I also played him in a rapidplay, in the last round which he was leading and he turned up 10-15 minutes late. I then won a pawn, but gave him a draw as he was a GM- shame the no draws rule didn't exist (although I could have lost I suppose).
Chess isn't a sport. It does help to be fit, but this is no pre-requisite to success. If it was given sports status, would they make a programme Chess Players Wives?

ejh said...

He wasn't too impressed when I rubbished a book of his (Coincidences) in Kingpin. But it was a load of old nonsense, so what can you do?

Anyway, subsequently I said he was welcome to take it up with me by email, an offer I rather regretted afterwards.

Anonymous said...

Opera to the best of my knowledge isn't a sport (although many do have a sumo physique). However they seem to have no trouble getting grants galore.

PS These word verifications seem to be getting harder and harder to dechiper- perhaps it's time to go to the opticians?

ejh said...

That's the second time you've complained about opera on here, Andrew. Did I mention I missed a match weekend before last in order to go and see Cavalleria Rusticana and Pagliacci at the Teatro Real in Madrid?

I don't see any problem with classifying chess as sport, and I think that if it isn't so classified it will be much harder to obtain both coverage and funding. Have you noticed for instance that it has no regular place on the otherwise comprehensive BBC Online site?

Back to Jimbo, I believe he lives in the same country as me, which is a shame. However, judging by the address given by his missus (Fiona Pitt-Kethley) he's a good five hundred miles south of me...

Anonymous said...

Cavalleria Rusticana is a pizza and Pagliacci is pasta right? Did you spot David Beckham at Teatro Real in Madrid?

Tom Chivers said...

* Goran * - thanks. Interesting about official studying of chess in Eastern Europe. We have nothing at all like that here. Perhaps it's why English players tend not to prepare their openings so well.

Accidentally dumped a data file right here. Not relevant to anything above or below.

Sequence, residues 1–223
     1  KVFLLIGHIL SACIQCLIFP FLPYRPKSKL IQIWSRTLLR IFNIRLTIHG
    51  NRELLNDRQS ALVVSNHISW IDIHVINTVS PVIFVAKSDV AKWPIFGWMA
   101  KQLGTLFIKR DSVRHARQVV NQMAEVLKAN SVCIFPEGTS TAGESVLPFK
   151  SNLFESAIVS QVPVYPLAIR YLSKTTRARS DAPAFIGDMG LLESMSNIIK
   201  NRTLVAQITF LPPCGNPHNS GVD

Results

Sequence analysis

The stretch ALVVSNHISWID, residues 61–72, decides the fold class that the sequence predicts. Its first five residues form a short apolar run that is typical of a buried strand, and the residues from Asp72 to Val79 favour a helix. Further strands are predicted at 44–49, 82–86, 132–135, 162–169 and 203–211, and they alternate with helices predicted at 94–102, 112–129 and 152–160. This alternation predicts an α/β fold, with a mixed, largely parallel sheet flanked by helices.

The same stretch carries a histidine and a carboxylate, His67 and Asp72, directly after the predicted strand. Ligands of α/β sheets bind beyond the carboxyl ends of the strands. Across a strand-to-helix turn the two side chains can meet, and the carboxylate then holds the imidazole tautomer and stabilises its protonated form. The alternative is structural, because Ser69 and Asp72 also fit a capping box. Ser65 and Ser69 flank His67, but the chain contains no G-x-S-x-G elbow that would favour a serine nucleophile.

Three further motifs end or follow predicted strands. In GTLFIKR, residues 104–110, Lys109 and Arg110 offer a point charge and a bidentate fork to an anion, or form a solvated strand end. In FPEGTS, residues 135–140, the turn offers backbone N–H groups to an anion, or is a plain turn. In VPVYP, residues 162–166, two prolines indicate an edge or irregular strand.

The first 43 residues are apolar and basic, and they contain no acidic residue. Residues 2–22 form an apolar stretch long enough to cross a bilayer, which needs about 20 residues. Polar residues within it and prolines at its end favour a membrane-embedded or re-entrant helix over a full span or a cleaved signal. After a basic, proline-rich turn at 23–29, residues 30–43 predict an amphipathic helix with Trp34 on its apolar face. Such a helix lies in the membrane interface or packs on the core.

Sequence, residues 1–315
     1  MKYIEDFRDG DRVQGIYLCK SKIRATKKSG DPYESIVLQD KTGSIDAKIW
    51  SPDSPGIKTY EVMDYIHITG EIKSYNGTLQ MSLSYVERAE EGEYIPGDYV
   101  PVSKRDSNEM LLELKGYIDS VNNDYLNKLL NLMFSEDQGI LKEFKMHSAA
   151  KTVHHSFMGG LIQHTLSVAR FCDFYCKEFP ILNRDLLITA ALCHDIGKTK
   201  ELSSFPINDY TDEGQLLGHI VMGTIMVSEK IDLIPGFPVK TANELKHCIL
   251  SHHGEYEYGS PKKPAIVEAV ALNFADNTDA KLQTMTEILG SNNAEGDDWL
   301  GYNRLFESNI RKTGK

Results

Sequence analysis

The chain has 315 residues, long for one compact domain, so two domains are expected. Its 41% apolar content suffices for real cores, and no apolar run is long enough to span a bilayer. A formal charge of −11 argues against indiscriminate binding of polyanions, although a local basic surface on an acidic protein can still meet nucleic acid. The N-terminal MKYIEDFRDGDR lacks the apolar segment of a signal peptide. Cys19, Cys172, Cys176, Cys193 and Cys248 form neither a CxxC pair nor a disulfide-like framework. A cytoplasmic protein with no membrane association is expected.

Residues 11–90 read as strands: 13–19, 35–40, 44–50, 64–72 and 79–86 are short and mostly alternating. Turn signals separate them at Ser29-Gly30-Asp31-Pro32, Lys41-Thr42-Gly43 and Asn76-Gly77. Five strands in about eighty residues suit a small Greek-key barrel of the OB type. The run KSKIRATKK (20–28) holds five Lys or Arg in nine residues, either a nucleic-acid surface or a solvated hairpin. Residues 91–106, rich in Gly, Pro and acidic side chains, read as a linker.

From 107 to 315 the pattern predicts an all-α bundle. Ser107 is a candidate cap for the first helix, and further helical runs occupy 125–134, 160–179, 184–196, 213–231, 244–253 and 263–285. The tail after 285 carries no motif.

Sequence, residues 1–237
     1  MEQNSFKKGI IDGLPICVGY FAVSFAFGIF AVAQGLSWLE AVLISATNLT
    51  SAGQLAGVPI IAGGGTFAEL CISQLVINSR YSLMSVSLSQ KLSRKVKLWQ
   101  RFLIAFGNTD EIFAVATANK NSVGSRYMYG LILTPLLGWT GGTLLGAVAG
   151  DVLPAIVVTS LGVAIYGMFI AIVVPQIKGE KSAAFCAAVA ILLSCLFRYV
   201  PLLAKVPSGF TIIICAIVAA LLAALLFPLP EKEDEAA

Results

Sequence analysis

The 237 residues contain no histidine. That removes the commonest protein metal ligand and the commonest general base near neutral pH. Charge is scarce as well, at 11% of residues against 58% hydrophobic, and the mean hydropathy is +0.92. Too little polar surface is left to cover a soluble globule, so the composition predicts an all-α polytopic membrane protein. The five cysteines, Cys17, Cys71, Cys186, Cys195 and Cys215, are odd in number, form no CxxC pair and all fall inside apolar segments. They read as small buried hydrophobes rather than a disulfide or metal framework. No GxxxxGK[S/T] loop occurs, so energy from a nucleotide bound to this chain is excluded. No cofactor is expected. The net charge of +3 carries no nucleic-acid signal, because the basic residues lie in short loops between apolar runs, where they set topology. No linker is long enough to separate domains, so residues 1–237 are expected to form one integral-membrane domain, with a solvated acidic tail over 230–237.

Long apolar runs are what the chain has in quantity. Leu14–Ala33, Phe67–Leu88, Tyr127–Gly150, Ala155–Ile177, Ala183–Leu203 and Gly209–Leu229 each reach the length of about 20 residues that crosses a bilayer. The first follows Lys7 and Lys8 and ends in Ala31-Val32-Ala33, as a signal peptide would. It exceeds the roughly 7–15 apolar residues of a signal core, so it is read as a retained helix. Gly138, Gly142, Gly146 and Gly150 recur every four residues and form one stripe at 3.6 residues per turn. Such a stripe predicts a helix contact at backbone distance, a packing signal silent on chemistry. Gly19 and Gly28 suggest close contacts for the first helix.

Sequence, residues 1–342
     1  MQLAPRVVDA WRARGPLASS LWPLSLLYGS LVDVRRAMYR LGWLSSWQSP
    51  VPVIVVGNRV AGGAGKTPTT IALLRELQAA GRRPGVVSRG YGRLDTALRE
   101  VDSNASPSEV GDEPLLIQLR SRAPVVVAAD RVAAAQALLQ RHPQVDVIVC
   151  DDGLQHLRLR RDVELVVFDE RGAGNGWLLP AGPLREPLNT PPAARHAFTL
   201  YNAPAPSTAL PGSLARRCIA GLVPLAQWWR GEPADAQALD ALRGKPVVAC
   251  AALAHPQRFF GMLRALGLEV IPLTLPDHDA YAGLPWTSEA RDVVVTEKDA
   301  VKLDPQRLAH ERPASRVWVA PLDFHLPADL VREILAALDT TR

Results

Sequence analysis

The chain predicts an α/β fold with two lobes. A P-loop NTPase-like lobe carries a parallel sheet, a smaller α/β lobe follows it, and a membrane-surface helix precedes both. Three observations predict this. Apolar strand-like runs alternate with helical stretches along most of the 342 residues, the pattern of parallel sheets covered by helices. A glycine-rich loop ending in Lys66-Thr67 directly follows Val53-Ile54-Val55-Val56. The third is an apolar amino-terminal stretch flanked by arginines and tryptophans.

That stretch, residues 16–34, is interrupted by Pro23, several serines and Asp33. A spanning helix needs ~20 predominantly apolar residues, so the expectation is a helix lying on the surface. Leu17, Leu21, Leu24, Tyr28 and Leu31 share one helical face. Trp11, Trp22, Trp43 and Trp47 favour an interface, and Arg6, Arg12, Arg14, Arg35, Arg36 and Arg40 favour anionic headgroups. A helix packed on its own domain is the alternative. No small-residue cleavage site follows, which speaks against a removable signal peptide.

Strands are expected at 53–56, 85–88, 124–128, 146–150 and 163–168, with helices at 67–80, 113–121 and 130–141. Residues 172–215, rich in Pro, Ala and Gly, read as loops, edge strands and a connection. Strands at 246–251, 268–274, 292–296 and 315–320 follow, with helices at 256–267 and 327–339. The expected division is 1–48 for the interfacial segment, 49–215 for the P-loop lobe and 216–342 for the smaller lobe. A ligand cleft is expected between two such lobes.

* Andrew * - I could remove the need to do them, but it would increase the amount of spam . . . Btw, if you register to post on the blog, which you are welcome to do, you no longer have to do them, provided you are logged in.

* Justin * - I remember reading that review. It in turn reminded me of an old phrase: 'if there were never any coincidences, that itself would be a coincidence.'

ejh said...

Pagliacci is pasta right? Did you spot David Beckham at Teatro Real in Madrid?

No, he was playing with another bunch of clowns.

Anonymous said...

I'm not at all sure about the idea of chess as sport either but definitely happy with 'mind sport'.

After all Formula 1 requires no physical fitness either (it may be helpful but it's clearly not essential) and that has the tag 'motor sport'.

I didn't play JP but he seriously affected a game I was playing by loudly and insistently demanding my opponent cease playing (half way through) so he could play Backgammon with the aforementioned Mr. P.

Later he disrupted the organisers activities toward the end of the tournament insisting he be paid his prize money THAT INSTANT so he could leave early

btw: I should make clear the opinions expressed on Plaskett's arrogant twatishness that day are very much my own and not official Streatham & Brixton Chess Club policy.

Anonymous said...

although IMHO they should be